Key to the long-term profitability of any line of insurance is the ability to price the risk adequately.  PRI presents a particular challenge in this regard. The general absence of industry-wide, detailed, and actuarially robust loss experience makes pricing a PRI policy more difficult than it is for high frequency, low severity lines of business that can rely on well-documented loss experience and statistically sound pricing models. The same can be said to some extent for TCI, although the availability of historical credit default rates for publicly-traded borrowers gives TCI an edge over non-credit based PRI transactions.  Providers of PRI and TCI can look to their own loss experience to establish a more robust technical price that will deliver the company’s profitability targets, provided the insurer has a long and deep enough track record and loss experience.  Many underwriters of these lines develop structured pricing models that provide a consistent and disciplined approach to pricing risks, while being mindful of the pricing level that the market will bear.

Pricing levels in PRI and TCI markets, like those in traditional and other specialty lines of insurance, reflect the level of competition and associated capacity in the market and loss experience that affects a broad swath of market participants. They may also be affected by an insurer’s corporate-wide pricing goals. But generally speaking, rates in the PRI and TCI market do not always follow closely the cyclical rate changes observed in the broader insurance market. Events of the kind covered by property and liability insurance are not highly correlated with the kinds of events that can trigger a loss under PRI, although that is less the case for a TCI policy; pricing of, and risk appetite for, PRI and TCI can be driven as much by factors that are more specific to the risks they insure, such as events in specific countries or regions (e.g. the current confrontation between Russia and Ukraine), or when strong demand for coverage in a specific country or for a specific borrower has exhausted (or nearly exhausted) the capacity available in the market, which insurers regard as a pricing opportunity.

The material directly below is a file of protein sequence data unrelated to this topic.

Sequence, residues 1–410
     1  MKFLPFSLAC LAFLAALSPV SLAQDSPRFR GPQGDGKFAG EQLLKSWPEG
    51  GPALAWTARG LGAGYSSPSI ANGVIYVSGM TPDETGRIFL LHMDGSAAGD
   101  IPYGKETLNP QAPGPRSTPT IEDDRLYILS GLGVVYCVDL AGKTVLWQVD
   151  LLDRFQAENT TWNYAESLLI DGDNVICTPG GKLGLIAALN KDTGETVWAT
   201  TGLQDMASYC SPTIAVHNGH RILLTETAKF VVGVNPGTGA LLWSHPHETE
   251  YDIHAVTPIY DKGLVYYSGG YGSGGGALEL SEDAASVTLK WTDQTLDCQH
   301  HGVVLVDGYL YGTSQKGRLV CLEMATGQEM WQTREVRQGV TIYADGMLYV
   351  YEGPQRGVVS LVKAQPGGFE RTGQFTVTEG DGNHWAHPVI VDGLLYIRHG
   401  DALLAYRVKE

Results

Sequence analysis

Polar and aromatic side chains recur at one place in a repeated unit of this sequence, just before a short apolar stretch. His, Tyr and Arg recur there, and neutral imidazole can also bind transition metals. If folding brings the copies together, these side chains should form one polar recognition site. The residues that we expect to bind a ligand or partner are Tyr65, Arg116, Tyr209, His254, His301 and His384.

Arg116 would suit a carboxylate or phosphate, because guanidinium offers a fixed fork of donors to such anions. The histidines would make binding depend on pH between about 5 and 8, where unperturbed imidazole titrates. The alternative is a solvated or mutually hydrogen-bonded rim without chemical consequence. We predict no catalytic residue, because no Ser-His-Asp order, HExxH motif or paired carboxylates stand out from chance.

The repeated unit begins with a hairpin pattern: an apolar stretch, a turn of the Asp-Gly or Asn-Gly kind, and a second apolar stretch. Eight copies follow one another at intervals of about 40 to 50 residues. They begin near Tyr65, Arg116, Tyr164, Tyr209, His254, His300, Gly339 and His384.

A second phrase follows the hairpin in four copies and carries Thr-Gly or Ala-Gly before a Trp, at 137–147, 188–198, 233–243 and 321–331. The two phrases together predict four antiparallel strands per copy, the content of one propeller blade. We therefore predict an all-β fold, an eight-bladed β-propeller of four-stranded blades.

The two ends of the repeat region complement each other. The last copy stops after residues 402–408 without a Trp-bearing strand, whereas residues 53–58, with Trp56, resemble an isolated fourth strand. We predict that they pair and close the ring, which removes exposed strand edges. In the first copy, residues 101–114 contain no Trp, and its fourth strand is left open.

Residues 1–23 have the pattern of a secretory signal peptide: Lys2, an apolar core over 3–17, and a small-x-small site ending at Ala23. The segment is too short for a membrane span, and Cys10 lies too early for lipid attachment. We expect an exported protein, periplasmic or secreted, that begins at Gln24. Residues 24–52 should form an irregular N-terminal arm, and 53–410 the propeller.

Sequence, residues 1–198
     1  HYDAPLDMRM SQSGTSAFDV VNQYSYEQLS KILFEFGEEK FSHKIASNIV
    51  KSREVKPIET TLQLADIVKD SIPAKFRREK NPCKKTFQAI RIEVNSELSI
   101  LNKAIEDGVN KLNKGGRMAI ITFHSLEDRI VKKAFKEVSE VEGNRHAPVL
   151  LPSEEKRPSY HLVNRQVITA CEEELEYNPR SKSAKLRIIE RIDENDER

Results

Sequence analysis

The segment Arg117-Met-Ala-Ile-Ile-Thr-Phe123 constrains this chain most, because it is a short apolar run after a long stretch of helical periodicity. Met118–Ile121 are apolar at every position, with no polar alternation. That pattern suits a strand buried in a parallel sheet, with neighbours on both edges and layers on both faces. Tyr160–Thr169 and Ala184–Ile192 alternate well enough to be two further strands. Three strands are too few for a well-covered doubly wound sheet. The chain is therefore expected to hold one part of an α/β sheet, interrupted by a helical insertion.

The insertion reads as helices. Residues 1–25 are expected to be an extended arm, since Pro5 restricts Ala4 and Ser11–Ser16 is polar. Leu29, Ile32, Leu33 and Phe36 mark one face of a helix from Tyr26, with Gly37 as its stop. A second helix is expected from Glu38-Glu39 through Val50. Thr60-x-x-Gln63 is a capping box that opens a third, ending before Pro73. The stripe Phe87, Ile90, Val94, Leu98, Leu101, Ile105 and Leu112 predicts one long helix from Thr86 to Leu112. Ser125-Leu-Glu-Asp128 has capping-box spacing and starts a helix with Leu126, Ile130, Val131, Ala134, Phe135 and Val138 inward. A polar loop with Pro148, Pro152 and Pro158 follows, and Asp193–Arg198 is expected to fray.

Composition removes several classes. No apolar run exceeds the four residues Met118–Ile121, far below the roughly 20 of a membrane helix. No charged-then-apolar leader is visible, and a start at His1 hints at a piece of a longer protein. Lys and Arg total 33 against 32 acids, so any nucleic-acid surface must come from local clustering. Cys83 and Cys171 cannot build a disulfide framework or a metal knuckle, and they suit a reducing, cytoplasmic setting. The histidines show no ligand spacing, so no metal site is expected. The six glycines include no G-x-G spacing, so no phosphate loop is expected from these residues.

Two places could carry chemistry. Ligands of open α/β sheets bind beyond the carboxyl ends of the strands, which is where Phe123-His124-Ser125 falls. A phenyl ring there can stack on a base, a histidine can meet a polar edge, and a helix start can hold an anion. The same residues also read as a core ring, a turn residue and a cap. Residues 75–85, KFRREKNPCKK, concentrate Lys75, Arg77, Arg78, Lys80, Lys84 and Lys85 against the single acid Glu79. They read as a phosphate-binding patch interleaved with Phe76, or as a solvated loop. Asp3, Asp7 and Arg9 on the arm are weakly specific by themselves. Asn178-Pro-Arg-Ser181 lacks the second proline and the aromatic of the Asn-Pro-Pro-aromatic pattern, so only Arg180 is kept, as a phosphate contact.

Insurers allocate a portion of their capital to specific lines of business to support losses given an expected volume of premium (i.e. the capital intensity ratio). It should be no surprise that PRI and TCI insurers tend to have higher capital intensity ratios than insurers of non-special lines do. This has significant consequences primarily for the pricing of the business, as the greater the amount of capital allocated to a business, the greater the price that is needed to achieve the company’s profitability targets.